This Is Where I Leave You
The family gathering comedy is one of the more difficult genres to pull off. Good for Levy for trying something different. But next time he…
Realizing I would never read his great book, I got the audiobook and entered the world of the charming Mr. Pepys. Ambitious, lustful, a gossip, well-connected, he witnessed the Great London Fire, the Black Plague and Shakespeare's plays at court, buried gold in his back yard, became Secretary of the Admiralty, seduced servant girls.
Branagh's reading is conversational, confiding and funny. The prose can appear daunting on the page, but he makes it conversational. Pepys' voice comes through, as if he's confiding the low-down on things.
This is good for listening to in the car, because each daily entry is brief, so you don't get stranded in the middle of a long chapter when you have to park. The "home page" of Pepys' Diary. Tweets rhymes with Pepys. Samuel Pepys on Twitter.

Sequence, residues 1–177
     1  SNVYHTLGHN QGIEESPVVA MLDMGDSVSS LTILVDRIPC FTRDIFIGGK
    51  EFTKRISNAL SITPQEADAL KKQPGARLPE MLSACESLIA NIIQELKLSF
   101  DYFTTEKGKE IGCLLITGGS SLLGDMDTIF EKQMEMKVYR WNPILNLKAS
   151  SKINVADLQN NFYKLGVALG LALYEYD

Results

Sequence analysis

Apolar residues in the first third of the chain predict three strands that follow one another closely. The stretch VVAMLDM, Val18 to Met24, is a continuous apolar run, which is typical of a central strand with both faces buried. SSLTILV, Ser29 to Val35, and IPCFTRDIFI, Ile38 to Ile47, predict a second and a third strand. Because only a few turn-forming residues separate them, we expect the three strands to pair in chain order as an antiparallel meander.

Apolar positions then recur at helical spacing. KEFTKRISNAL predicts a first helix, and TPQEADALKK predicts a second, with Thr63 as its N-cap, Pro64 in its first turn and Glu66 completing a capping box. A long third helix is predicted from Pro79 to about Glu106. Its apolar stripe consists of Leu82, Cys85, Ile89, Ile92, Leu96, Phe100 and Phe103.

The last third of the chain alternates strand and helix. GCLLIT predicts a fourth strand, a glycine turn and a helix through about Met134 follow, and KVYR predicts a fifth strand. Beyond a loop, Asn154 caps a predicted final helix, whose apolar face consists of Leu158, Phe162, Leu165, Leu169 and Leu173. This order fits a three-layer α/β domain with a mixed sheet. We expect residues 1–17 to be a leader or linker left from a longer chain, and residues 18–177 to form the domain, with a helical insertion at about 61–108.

Drawing by Richard Levine from the New York Review of Books.
As we mourn Abrams’ macho Star Trek obliteration, it’s a good time to revisit that most Star Trek-ian of accomplishme...
Part ten in Scout Tafoya's The Unloved series tackles "The Village."
This message came to me from a reader named Peter Svensland. He and a fr...
A photo gallery offering snapshots from The Ebert Dinner at the 2014 Toronto International Film Festival.